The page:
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Growing food not golf: Round 2

Cordova Bay Golf Course in Victoria BC
The City staff report on the golf course review is going to the Infrastructure and Environment Committee on January 11. 







PFR staff are not recommending community gardens as a complementary use due to “conflicts between golf operations and food growing.”

Do you want to speak out in favour of using City lands for growing food?

You can register to speak or submit comments to the committee. Brief comments are really effective! Be sure to include the agenda item IE27.6.

You can also write to your councillor and let them know that you want to see food growing in Toronto’s golf courses.  https://www.toronto.ca/city-government/council/members-of-council/


Some of our responses  

1. Feedback at the consultations supported community gardens and more resources for the City’s community garden program. See the consultation summary at https://www.toronto.ca/legdocs/mmis/2022/ie/bgrd/backgroundfile-174602.pdf

2. Food growing happens at golf courses in other cities. Some examples: 

3. More space can be made available to avoid conflicts by moving to a 9-hole model (which is becoming popular with golfers and is recommended at the Dentonia Park site).

4. Flood plains were not identified as an issue at Dentonia Park and Tam O’Shanter. They were mentioned as two possible sites for food gardens. https://www.toronto.ca/city-government/planning-development/construction-new-facilities/improvements-expansion-redevelopment/review-of-city-golf-course-operations/ 

Dentonia Park is particularly important as it has a high proportion of high-rise dwellers and long wait lists for community garden plots. The report recommends a master planning process for Dentonia Park, so there will be more opportunities to speak up for food there in the future. 

5. This is an opportunity for the City of Toronto meet some of its local and international commitments, including: 


6. If not golf courses, where can we grow food?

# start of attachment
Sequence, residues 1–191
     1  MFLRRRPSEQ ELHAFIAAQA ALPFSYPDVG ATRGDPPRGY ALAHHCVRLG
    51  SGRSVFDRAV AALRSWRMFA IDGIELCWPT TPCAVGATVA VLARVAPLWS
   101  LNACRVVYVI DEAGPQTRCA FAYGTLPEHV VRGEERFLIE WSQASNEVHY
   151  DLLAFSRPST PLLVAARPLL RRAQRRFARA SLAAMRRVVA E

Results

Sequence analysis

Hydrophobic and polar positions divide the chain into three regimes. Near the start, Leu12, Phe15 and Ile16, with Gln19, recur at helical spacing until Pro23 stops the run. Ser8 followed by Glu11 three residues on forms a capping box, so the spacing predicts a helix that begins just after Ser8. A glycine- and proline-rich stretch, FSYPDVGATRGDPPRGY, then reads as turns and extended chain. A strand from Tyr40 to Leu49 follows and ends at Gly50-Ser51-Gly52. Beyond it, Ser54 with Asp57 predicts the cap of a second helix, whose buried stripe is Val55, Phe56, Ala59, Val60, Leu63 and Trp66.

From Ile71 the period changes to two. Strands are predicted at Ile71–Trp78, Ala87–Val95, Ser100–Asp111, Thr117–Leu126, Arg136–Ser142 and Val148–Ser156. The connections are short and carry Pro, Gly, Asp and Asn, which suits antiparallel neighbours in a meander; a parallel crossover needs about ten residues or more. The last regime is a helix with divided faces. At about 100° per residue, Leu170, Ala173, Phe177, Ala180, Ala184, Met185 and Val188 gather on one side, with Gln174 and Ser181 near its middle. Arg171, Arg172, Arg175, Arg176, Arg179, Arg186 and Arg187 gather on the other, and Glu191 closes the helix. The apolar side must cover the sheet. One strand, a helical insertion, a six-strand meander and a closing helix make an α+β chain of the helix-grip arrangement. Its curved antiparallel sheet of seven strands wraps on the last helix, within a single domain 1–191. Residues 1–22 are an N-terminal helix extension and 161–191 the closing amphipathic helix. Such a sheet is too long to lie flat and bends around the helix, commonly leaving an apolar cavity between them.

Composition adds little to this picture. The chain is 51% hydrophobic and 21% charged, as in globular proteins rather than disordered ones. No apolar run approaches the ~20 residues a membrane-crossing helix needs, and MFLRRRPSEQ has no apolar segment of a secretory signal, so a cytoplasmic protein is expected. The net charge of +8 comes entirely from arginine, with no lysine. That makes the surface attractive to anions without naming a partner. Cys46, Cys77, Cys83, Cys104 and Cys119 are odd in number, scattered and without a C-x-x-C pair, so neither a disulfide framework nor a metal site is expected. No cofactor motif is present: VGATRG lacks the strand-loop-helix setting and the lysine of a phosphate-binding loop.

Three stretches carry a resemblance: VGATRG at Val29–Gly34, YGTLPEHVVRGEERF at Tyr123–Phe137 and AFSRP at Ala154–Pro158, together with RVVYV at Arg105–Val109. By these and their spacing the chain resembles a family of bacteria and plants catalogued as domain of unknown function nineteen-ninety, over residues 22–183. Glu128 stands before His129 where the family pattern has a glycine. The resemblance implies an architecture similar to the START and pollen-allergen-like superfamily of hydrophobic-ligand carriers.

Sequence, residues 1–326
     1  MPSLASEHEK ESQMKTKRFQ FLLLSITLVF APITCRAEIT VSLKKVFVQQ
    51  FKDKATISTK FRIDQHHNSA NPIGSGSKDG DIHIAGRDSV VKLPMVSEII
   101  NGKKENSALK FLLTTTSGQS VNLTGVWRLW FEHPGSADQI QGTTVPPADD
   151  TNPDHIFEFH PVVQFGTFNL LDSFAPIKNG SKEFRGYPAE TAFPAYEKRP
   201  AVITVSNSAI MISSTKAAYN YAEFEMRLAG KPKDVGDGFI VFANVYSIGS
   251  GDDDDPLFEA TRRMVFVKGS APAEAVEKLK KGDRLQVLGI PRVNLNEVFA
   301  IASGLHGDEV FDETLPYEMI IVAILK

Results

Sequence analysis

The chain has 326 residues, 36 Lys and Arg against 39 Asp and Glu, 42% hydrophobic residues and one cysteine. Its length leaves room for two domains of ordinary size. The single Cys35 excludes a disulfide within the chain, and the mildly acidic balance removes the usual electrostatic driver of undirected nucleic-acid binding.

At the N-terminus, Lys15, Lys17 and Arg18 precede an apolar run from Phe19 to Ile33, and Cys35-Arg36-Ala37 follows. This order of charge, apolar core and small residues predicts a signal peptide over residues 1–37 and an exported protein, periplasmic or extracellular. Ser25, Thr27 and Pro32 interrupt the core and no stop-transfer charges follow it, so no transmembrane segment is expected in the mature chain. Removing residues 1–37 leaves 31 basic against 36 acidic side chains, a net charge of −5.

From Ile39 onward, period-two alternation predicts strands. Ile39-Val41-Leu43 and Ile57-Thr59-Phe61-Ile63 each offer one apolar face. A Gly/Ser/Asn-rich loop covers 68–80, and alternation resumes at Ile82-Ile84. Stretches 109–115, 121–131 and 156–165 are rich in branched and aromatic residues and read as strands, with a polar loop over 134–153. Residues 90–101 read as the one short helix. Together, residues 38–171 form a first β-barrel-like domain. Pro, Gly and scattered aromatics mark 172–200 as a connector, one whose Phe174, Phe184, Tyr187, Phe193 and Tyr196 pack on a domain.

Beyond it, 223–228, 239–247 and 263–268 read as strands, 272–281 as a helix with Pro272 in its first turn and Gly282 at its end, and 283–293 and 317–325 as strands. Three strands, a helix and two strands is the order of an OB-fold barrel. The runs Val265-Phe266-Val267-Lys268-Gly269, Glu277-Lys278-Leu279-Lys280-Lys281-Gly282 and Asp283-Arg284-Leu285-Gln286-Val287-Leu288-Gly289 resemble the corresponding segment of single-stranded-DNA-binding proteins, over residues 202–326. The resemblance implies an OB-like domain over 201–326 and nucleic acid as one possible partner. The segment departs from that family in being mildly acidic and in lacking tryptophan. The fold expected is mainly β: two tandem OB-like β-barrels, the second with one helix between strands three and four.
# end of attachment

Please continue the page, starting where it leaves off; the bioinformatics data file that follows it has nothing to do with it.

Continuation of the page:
The staff report also states: 

“Within PFR, the Division is also reviewing PFR-focused food growing offerings such as community and allotment gardens. Further work on the potential of integrating food growing infrastructure with park lands will be undertaken in alignment with these initiatives to support a comprehensive and collaborative response to addressing food security and access to food growing opportunities.”  

We agree that community and allotments gardens should be receiving more support! This statement is vague and doesn’t mention any specific actions or timelines. If not golf courses, where else are we creating spaces to grow food?


And a question… 

If the City can contract non-core golf operations out to a private for-profit operator, why not contract out a food growing project? This could be a for-profit operator (like Fresh City Farms at Downsview Park) or a non-profit (such as FoodShare). 

This arrangement is nothing new, it already exists with many community gardens in Toronto and the CEED Garden project in Hydro corridors.

Some positive aspects of the plan:

  • Increasing accessibility to green spaces by opening trail networks and offering winter uses 
  • Creating opportunities for Indigenous land stewardship, cultural practices and economic activities (if these opportunities truly respect the guidance and priorities of Indigenous communities)

The full paragraph on food production from the staff report https://www.toronto.ca/legdocs/mmis/2022/ie/bgrd/backgroundfile-174599.pdf (page 13):

“With regard to food-growing opportunities on the golf course lands, several challenges were identified through staff analysis including the risk presented by floodplain lands to food growing operations, as well as conflicts between golf operations and food growing. PFR is also working with other divisions on ongoing strategic plans and initiatives focused on food which are identifying more feasible opportunities and locations to advance food initiatives. For example, PFR is currently working with Social Development, Finance and Administration (SDFA) as an implementation partner on the Black Food Sovereignty Plan adopted by Council on October 1 and 4, 2021. Within PFR, the Division is also reviewing PFR-focused food growing offerings such as community and allotment gardens. Further work on the potential of integrating food growing infrastructure with park lands will be undertaken in alignment with these initiatives to support a comprehensive and collaborative response to addressing food security and access to food growing opportunities.” 


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